by Pete Cook
When the Democratic candidate for Governor, John Bel Edwards, met with the Editorial Board of Lafayette’s Daily Advertiser on Tuesday to explain how “things would be different in an Edwards administration,” the two-term State Representative had a lot to say about the state of public education in Louisiana.
Some of the points he made were commendable, like his support for a stable higher education funding model that would avoid the fiscal nightmare our state’s public universities suffered through earlier this spring. However, as we’ve seen recently, when the subject turned to K-12 education, Edwards – who believes he’s “the engineer who can put the engine back on the tracks” – instead went off the rails. For example, The Advertiser reported:
“Edwards said he embraces the state’s push for higher standards for K-12 education, but not the process the state has chosen to pursue them. He said he’s for accountability, but believes letter grades are unfair to schools with high percentages of impoverished children. Teachers are too often compelled to teach to the test, he said, and who can blame them? Their jobs depend on it.”
While Edwards’ equivocal positions on high academic standards and accountability pose a problem, I was more disappointed that he proceeded to trot out the old “poverty trumps education” argument, one of the teachers unions’ favorite talking points:
“For example, he said, his own son’s school, where his wife teaches music, drew an ‘F’ letter grade from the state, but he said poverty, not teachers, was what undermined that public school. Teachers there were ‘fine,’ he said, but most of the students came from disadvantaged backgrounds.”
In effect, Edwards is saying we we should lower our expectations for certain children just because they happen to come from poor families.
Let’s examine John Bel Edwards’ statement for a moment. It’s true that Amite Elementary Magnet School, where his wife Donna worked until recently, does serve a high proportion of low-income students. In 2014, over 95% of the school’s students were eligible for free or reduced lunch. On the other hand, Amite Elementary received a “D” in 2013-14 (S.Y. 2014-15 haven’t been issued yet) and a School Performance Score (SPS) of 54.7 (out of 150) – i.e., the school is not designated as failing as Edwards claims.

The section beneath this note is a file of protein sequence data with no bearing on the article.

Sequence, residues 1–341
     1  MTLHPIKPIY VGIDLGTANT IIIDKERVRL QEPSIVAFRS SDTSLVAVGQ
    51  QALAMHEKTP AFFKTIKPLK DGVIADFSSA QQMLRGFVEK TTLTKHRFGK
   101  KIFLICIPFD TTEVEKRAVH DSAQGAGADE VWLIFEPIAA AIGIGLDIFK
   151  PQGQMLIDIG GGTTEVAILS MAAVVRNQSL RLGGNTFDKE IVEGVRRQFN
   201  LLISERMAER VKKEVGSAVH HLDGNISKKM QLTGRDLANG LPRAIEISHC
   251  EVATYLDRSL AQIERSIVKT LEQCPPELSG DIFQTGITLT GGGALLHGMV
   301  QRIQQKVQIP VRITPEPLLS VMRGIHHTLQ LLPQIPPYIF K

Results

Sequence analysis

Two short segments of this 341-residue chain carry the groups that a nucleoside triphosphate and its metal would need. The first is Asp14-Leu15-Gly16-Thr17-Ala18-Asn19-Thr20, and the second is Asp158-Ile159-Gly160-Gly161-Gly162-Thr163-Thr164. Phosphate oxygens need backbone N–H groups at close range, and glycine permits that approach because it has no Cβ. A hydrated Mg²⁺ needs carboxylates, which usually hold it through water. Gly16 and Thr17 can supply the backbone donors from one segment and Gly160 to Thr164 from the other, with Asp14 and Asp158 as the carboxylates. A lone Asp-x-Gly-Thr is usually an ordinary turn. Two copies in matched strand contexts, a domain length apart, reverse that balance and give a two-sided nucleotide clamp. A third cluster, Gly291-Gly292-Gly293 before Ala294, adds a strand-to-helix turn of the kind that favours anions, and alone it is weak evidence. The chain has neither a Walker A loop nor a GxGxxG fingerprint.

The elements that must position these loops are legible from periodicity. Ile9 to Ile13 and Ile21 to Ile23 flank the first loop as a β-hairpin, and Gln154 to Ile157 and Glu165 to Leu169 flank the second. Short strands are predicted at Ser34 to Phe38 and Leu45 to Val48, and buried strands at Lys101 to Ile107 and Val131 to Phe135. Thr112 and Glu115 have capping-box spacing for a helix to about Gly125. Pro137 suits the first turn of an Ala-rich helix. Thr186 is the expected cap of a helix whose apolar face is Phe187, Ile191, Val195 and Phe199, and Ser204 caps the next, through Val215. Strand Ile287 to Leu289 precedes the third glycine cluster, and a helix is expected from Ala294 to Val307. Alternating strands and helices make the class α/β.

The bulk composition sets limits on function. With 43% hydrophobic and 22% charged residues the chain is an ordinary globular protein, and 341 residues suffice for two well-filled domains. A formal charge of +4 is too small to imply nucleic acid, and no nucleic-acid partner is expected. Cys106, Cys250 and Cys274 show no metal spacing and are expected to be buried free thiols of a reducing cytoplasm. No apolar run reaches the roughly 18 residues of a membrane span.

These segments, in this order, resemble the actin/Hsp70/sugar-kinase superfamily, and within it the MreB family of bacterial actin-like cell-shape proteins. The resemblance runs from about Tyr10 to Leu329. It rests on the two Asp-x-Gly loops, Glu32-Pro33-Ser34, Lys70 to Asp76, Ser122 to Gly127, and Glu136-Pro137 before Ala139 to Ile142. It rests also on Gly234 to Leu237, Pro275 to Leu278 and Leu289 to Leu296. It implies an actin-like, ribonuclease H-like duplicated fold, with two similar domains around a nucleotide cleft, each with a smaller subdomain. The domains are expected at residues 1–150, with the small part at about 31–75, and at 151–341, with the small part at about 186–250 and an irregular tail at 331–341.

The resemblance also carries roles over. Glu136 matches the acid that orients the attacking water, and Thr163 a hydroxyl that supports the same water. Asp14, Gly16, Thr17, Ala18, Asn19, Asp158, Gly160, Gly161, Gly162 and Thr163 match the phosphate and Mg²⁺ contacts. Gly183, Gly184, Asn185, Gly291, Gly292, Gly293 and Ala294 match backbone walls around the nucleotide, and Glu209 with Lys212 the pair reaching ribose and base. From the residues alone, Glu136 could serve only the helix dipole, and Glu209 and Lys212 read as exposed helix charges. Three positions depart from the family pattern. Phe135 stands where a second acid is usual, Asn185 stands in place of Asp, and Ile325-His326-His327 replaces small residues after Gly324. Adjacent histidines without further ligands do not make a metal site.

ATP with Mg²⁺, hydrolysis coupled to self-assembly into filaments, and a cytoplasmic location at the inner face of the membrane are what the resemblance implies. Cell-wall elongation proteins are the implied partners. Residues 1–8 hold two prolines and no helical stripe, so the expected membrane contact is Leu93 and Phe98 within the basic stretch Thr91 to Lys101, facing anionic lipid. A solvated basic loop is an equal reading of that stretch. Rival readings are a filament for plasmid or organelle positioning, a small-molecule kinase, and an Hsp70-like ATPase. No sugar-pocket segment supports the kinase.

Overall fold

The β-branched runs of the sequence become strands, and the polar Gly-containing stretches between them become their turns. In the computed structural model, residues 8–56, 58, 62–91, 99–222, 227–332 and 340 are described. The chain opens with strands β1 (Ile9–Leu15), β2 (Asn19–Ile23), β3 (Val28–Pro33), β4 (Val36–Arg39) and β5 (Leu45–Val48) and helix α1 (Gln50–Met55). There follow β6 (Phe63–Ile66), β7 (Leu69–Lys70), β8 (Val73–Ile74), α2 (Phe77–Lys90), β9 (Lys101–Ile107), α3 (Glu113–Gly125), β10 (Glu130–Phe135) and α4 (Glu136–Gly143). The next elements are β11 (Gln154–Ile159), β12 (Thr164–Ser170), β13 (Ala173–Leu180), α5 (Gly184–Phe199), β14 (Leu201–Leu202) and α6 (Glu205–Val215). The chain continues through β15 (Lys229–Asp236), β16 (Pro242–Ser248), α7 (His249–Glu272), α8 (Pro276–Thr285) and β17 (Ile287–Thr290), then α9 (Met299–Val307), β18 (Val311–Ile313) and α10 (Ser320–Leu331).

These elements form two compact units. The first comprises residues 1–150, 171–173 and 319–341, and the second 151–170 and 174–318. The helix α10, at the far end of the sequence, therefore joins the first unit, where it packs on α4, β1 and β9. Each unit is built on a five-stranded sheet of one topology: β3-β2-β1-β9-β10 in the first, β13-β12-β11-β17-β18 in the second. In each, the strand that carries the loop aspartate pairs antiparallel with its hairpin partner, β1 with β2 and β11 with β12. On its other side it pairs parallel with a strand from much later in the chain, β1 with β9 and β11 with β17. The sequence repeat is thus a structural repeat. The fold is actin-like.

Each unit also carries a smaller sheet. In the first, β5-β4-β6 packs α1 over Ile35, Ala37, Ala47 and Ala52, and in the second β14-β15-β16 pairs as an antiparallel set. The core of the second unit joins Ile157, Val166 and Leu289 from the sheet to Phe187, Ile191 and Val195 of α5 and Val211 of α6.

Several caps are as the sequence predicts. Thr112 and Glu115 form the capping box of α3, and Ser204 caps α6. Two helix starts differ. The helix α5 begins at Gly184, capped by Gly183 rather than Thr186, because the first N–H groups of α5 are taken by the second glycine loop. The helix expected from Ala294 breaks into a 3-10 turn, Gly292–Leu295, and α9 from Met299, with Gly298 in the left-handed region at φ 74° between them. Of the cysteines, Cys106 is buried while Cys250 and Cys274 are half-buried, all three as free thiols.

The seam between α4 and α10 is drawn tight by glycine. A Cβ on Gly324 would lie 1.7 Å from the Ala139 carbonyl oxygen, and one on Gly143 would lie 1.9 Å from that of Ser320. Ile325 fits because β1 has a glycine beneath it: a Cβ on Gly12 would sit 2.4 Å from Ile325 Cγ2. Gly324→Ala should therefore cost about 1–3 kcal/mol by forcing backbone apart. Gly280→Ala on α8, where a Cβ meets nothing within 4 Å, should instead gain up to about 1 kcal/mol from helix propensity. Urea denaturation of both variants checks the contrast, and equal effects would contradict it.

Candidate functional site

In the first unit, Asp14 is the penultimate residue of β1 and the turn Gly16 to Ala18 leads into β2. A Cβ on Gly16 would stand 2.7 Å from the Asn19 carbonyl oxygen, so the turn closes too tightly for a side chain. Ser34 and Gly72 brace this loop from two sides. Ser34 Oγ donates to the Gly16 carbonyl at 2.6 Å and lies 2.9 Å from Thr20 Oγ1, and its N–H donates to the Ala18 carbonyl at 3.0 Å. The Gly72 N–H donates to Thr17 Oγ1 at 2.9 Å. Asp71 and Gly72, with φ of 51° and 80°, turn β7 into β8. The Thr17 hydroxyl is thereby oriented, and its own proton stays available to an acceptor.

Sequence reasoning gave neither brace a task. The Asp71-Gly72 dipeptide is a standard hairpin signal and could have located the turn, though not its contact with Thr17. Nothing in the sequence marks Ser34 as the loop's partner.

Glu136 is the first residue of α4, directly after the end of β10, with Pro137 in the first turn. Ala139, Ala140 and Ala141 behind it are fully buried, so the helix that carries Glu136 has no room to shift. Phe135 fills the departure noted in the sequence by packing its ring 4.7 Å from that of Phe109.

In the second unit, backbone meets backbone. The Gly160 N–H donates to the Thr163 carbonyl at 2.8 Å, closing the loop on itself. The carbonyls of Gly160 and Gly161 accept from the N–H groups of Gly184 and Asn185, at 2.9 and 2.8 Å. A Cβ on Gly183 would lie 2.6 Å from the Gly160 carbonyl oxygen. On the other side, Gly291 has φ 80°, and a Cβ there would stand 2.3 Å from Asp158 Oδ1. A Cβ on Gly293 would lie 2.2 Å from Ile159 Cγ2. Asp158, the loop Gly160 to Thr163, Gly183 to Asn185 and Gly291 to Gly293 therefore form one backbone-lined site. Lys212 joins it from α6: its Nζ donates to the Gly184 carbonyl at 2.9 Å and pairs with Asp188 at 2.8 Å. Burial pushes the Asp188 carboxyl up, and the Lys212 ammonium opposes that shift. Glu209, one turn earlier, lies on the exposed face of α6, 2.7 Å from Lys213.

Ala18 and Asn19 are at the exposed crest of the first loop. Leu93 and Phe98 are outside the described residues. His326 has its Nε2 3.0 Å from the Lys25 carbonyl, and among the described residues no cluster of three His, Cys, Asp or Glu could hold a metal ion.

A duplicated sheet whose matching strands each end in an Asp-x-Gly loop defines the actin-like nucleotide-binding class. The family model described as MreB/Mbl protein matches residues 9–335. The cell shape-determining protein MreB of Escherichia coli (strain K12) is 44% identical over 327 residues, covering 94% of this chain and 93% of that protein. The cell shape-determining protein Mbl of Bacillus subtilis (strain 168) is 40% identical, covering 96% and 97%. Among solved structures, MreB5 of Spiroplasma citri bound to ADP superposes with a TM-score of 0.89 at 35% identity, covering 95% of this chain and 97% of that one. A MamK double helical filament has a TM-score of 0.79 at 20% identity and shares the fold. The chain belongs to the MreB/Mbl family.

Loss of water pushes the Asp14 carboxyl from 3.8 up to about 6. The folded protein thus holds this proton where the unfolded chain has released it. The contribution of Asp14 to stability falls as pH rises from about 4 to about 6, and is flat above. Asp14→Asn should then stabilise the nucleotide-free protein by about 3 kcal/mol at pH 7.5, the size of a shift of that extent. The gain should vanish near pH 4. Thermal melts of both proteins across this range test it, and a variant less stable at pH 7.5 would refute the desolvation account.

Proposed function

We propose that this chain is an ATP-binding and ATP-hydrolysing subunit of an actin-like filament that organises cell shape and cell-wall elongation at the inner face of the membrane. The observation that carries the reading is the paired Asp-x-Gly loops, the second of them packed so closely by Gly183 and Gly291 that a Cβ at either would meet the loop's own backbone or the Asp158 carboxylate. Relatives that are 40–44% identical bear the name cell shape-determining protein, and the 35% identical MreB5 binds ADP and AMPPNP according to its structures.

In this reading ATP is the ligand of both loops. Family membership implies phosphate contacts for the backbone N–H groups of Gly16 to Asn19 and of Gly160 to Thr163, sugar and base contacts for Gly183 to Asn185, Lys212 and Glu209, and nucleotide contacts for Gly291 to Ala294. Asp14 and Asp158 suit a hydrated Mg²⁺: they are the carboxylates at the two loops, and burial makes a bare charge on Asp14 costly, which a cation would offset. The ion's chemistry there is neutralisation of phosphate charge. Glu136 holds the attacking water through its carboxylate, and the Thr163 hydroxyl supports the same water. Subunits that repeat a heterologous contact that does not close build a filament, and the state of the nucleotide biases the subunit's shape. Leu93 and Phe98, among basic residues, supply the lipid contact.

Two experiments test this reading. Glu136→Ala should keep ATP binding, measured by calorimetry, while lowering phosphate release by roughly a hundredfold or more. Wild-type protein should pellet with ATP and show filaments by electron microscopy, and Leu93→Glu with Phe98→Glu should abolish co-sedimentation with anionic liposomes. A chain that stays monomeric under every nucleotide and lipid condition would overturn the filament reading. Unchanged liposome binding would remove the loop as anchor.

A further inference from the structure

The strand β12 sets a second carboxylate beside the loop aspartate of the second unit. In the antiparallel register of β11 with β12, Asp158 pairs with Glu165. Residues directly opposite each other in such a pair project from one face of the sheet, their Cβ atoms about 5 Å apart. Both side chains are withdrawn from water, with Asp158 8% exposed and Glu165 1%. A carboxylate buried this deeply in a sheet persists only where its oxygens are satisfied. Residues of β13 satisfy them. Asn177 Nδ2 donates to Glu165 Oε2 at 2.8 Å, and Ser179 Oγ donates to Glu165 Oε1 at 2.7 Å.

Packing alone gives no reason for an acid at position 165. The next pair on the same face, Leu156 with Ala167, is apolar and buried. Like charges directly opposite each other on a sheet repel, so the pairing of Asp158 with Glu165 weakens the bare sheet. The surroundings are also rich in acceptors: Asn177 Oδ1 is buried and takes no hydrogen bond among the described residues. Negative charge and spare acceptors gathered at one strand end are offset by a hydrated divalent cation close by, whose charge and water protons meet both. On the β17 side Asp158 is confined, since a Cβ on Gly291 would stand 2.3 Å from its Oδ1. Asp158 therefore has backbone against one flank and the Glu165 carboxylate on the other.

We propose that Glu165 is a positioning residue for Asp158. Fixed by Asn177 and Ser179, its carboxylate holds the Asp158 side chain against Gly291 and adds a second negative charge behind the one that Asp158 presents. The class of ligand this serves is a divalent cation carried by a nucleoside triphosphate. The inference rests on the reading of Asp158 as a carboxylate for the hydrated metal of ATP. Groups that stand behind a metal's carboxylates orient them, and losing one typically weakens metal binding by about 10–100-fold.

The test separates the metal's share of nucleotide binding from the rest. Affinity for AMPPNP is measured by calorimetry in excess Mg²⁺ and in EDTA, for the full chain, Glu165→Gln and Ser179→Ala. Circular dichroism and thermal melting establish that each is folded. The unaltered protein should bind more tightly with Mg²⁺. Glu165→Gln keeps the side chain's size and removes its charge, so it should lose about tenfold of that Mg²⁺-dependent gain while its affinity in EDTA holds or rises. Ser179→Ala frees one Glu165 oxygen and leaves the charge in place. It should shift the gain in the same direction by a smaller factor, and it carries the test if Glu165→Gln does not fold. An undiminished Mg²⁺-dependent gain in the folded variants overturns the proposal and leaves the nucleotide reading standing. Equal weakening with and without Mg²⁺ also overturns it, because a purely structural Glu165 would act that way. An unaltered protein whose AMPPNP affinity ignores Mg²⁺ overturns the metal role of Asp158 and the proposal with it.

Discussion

However, the more important question is whether a “D” grade and a SPS of 54.7 is the most we should expect from a school where the students are nearly all low-income. To test that, I decided to look at 2014 data of New Orleans public schools where 95% of students were free/reduced lunch eligible. Here’s what I found:
|LEA||School||%FRPL||2014 Grade||2014 SPS||2013 Grade||2013 SPS|
|Tangipahoa||Amite Elementary Magnet School||>95%||D||54.7||F||49.6|
|RSD||KIPP Central City Academy||>95%||B||95.2||B||96.9|
|OPSB||Mary Bethune Elementary||>95%||B||93.7||B||88.1|
|OPSB||Mahalia Jackson Elementary School||>95%||B||93.7||B||88.1|
|RSD||Martin Behrman Elementary School||>95%||B||93.3||B||92.1|
|OPSB||Robert Russa Moton Charter School||>95%||B||86.7||D||61.9|
|RSD||Esperanza Charter School||>95%||B||85.6||C||75.3|
|RSD||Lagniappe Academy of New Orleans||>95%||C||82.3||B||85|
|RSD||ReNew SciTech Academy at Laurel||>95%||C||81.6||C||75|
|RSD||Arthur Ashe Charter School||>95%||C||81.2||B||90.2|
|RSD||James M. Singleton Charter School||>95%||C||80.8||D||56.9|
|RSD||Akili Academy of New Orleans||>95%||C||80||C||71.6|
|RSD||KIPP Central City Primary||>95%||C||78||C||75.2|
|RSD||Langston Hughes Charter Academy||>95%||C||77.6||C||81.3|
|RSD||Edgar P. Harney Spirit of Excellence||>95%||C||75.9||D||64.1|
|RSD||Samuel J. Green Charter School||>95%||C||74||C||78.4|
|RSD||Sophie B. Wright Learning Academy||>95%||C||73.9||B||88.5|
|RSD||Cohen College Prep||>95%||C||72.9||D||63.5|
|RSD||Mary D. Coghill Charter School||>95%||C||69.7||NA||NA|
|RSD||Nelson Elementary School||>95%||D||67.3||C||79.5|
|RSD||McDonogh City Park Academy||>95%||D||66.4||C||77.6|
|RSD||Lawrence D. Crocker College Prep||>95%||T||66.1||NA||NA|
|RSD||Fannie C. Williams Charter School||>95%||D||64.8||T||75.7|
|RSD||McDonogh #32 Elementary School||>95%||D||64.4||C||70.9|
|RSD||Harriet Tubman Charter School||>95%||D||63||T||72.7|
|RSD||ReNew Dolores T. Aaron Elementary||>95%||D||62.5||T||64.4|
|RSD||McDonogh 42 Charter School||>95%||T||58.3||T||39.4|
|RSD||William J. Fischer Elementary School||>95%||D||56.8||C||76|
|RSD||ReNew Schaumburg Elementary||>95%||T||55.7||NA||NA|
|RSD||ReNew Cultural Arts Academy at Live Oak||>95%||D||55||D||60.1|
In short, there were 31 public schools in New Orleans that scored higher than Amite Elementary in 2014, even though nearly all of their kids were low-income. What’s more, some schools in New Orleans, like Mary Bethune Elementary, are knocking the cover off the ball. Nearly 80% of Bethune students were performing at or above grade level in 2014, as opposed to only 46% of students at Amite Elementary.
Now, I’m not raising these facts to denigrate the hard work of Donna Edwards or her former colleagues at Amite Elementary Magnet School. I’m also not saying that poverty doesn’t present considerable challenges for educators – as a former teacher in New Orleans’ public schools, I’ve faced those very challenges.
Nevertheless, it’s clear there are many public schools in Louisiana’s low-income communities where students are beating John Bel Edwards’ low expectations hands down. We live in a state with one of the highest levels of child poverty in the country and we can’t allow our politicians to simply those write those kids off because it’s politically expedient.
This post was originally published on PE+CO on September 17, 2015.